While most people believe that eating healthy and clean is reserved for older individuals, good nutrition and clean eating are expected of everyone. Everyone should learn to incorporate a balanced diet in their meals, from children to adolescents and adults, to boost their immune systems. While eating clean and good nutrition for young children is important, it doesn’t mean they can’t have snacks or sugar; it means that it shouldn’t be the core of their diet.

“When you’re younger, you’re supposed to eat a certain amount of calories to develop properly. But the mistake people make is they now feed children with more packaged and processed foods. There’s no problem with giving children sugar; the real question is, is sugar the bulk of what they consume?”

As adults, your diet from when you were a child should significantly change. While children can consume high-calorie foods in large portions, as a 23-year-old with a desk job, you must look toward reducing the amount of calories and keeping your food nutrient-dense at all times.

At 30, you’ve peaked, your development stops, and your health and bone density start declining rapidly. If you are not as active, you will have less physical activity than you did in your 20s. At 30, you’d need to consider what will support your health: fewer carbs, sugar, alcohol, and more veggies and proteins in your meals.

“The food you eat in your teens and 20s will give birth to the body you see in your 30s. So, make wise decisions because the body never forgets at the end of the day. Also, what you do in your 30s nutritionally will manifest in your 40s. Your body keeps scoring, and so should you.”

It is important to make smart nutritional decisions early in life to avoid rapidly needing change later in life.

Nutritional Myths

Nutrition is a concept that continues to evolve through research and human observation. However, despite the availability of information on the internet, there are still many myths and misconceptions about nutrition we need to set aside, according to Selema:

Eating after 7 pm will make you fat

There’s nothing wrong with eating after 7 p.m. According to Selema, it is more about what you eat and the quantity than about eating at all. If you live a sedentary lifestyle and you’ve already had two meals during the day, go home and eat a huge serving of eba and soup at 11 pm, and then go to bed at 11:30, weight gain is inevitable. So, it’s more about what you are eating, how you are eating, and how active you are on a daily basis that determines if you gain weight over time.

You can only get healthy by going to the gym

Weight loss and healthy living are determined by how balanced your diet is and how much activity you can get. Whether you’re going to the gym or you’re walking, running, hiking or whatever, the most important thing is that you are active.

You can eat anything. You just have to count your calories

Counting calories is great, but having a well-balanced diet with a combination of fruits and veggies will provide better results. Eating anything is not a great outlook on nutrition and will cause you to develop issues in the long run, but ensuring that your plate is appropriately sectioned with veggies, proteins, and carbs will provide better sustainable results.

Detox is a scam

All the detox plans and programmes online are scams. If you have a properly functioning liver, you don’t need to detox anything. As long as your organs are working properly and you are healthy, your body will do the work it’s supposed to do. If you eat junk for seven days at a stretch, you don’t need to go on a four-day juice cleanse. All you need to do is stop and make a conscious decision not to eat junk food but to eat proper meals with enough protein, carbs, and veggies on your plate.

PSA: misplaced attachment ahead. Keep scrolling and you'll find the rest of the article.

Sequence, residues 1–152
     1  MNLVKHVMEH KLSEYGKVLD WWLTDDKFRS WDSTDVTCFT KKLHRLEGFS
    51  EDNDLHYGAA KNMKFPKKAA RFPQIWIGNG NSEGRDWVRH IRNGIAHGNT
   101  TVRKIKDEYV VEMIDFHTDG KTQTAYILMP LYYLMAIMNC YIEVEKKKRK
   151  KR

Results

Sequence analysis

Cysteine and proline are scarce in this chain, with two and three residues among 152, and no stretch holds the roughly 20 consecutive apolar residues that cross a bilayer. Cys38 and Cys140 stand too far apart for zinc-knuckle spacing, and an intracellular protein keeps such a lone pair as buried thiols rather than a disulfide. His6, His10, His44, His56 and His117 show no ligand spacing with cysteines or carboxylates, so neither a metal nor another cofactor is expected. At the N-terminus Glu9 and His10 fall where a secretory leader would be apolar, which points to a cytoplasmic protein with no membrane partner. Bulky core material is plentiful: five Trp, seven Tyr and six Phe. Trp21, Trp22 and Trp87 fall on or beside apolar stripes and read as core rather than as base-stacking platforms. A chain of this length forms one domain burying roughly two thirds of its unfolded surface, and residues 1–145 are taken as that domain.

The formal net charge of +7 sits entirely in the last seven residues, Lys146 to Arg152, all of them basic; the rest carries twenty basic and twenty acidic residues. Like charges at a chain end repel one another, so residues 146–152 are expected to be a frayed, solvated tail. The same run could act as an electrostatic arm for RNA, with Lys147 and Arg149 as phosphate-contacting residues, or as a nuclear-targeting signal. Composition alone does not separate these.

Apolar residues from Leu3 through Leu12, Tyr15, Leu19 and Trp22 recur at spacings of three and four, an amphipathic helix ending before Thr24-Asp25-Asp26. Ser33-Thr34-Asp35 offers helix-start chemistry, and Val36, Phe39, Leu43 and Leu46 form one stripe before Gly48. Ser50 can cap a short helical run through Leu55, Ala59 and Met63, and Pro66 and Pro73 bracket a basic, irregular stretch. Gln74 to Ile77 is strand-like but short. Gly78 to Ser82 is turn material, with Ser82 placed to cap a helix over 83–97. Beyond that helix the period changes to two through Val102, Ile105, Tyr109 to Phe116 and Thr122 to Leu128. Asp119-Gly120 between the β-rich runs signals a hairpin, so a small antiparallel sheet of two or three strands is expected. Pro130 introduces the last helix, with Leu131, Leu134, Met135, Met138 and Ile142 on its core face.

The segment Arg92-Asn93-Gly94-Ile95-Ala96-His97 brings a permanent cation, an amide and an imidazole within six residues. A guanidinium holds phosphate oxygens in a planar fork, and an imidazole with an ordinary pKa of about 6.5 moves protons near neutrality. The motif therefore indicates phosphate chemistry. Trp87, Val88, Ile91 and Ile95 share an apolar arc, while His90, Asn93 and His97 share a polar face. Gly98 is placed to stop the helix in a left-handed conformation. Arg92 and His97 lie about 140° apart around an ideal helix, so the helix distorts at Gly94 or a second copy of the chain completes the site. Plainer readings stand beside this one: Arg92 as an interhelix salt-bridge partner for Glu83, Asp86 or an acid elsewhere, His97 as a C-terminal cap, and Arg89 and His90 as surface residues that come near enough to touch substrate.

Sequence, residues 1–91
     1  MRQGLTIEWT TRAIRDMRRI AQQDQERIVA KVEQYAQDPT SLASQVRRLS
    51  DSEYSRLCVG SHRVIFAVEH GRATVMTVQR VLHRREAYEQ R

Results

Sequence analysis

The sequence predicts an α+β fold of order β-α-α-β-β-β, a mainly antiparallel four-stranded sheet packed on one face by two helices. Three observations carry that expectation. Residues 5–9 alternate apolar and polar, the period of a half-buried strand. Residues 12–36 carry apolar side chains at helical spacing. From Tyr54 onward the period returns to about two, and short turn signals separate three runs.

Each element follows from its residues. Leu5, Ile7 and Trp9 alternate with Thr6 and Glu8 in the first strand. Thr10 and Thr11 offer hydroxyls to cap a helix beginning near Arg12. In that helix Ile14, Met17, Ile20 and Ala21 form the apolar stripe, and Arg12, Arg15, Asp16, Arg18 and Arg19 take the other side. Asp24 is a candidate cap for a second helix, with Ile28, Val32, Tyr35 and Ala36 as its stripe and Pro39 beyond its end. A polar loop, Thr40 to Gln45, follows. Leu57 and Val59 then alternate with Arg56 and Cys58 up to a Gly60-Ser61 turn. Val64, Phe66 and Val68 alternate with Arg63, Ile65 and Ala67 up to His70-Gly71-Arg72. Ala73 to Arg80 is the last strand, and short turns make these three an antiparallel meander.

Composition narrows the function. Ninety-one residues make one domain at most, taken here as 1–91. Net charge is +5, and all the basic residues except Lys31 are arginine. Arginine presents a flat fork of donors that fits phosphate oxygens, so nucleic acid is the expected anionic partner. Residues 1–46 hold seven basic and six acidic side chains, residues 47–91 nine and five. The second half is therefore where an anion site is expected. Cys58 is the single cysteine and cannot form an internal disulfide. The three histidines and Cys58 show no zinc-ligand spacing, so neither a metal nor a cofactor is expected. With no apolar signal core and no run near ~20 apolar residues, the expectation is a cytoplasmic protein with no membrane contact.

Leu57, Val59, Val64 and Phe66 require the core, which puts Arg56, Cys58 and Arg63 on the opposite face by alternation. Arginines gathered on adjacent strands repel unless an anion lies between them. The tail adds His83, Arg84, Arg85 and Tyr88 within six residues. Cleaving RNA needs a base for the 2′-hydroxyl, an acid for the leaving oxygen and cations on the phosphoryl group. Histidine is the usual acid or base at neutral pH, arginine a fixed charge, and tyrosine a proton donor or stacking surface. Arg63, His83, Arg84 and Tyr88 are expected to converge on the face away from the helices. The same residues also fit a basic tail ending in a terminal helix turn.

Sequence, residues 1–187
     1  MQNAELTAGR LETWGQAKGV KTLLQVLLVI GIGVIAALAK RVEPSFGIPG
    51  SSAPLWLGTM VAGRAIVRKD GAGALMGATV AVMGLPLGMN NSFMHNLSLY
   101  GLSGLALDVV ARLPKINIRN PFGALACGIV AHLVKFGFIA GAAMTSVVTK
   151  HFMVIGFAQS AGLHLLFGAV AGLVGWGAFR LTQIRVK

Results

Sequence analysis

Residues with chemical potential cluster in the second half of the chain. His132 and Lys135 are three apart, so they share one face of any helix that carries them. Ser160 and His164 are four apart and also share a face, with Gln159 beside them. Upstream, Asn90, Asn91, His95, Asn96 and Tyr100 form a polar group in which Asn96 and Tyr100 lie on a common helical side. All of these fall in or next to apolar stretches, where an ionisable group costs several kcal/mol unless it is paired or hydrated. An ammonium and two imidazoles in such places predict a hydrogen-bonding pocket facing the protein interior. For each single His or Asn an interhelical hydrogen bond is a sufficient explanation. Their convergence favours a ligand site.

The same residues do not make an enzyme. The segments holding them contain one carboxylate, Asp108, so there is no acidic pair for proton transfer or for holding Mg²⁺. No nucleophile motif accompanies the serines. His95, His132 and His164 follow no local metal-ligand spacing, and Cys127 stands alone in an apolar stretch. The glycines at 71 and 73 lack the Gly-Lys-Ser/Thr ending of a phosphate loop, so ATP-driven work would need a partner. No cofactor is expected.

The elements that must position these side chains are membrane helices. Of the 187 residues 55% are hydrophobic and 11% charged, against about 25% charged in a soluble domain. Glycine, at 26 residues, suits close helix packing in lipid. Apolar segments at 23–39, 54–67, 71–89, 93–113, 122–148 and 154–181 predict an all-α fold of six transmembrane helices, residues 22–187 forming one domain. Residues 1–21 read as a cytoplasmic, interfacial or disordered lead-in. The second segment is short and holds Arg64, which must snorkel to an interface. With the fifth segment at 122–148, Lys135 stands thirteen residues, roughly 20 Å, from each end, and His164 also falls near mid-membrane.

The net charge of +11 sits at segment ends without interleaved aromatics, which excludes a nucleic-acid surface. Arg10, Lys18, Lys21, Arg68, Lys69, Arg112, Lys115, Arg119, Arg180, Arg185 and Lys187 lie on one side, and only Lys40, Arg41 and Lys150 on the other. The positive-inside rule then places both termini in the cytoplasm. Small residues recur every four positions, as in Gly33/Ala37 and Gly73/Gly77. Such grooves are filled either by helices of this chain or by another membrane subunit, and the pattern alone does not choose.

Finding what works.

“When it comes to nutrition and diets, there’s a lot of misinformation on what people should or shouldn’t do.”

Very early on in her career, Selema decided that she would do her best to positively impact people’s lives to the best of her abilities. Because of that, she decided not to become a generalised coach but rather create plans and diets that specifically fit the client’s needs. She decided simply because of how dynamic and unique each person’s dietary preferences can be. This is why she is a big advocate for tailoring meal plans and diets to each individual.

Selema first notes allergies, health issues, and body build when reviewing a client’s diet. By running multiple tests to determine what needs to be changed, she is able to tailor a diet plan based on her expertise to every client. So, before you choose a diet plan or a nutrition plan, find out what you’re allergic to, what issues you are genetically disposed to, and what you need to change medically before translating it to your diet.

It also helps to be disciplined and take a different approach to food. “I see food as fuel 95% of the time. I don’t take it as something to put in my stomach whenever I feel like it.” Nutrition dictates a large portion of the issues people encounter, especially for people with hormonal issues like PCOS and endometriosis; this is why it is important to always think of your health goals before making a food-related decision.

If you ever decide to start eating clean and adopt a healthy nutritional diet as a Nigerian, broccoli and cauliflower are not the only healthy options.

“Ugu, garden eggs and many more Nigerian staple meals are clean foods that can be adopted into your diet. Instead of draining the vegetable nutrients in oil and calling it soup or cooking it for 30 minutes, adopt healthy cooking habits like steaming and boiling to maintain the nutrients in the vegetables.”

Healthy nutrition is not a one-and-done effort. It is a conscious, habitual effort to achieve realistic long-term goals. Living healthy and curbing the issue of obesity in Africa is possible. All we need to do is promote healthy eating habits and make healthy diets by adopting healthy proteins, fats, vegetables, and fruits in moderate quantities and seeking a nutritionist’s help in dire cases. Are you ready to start your journey to eating clean? Let us know in the comments!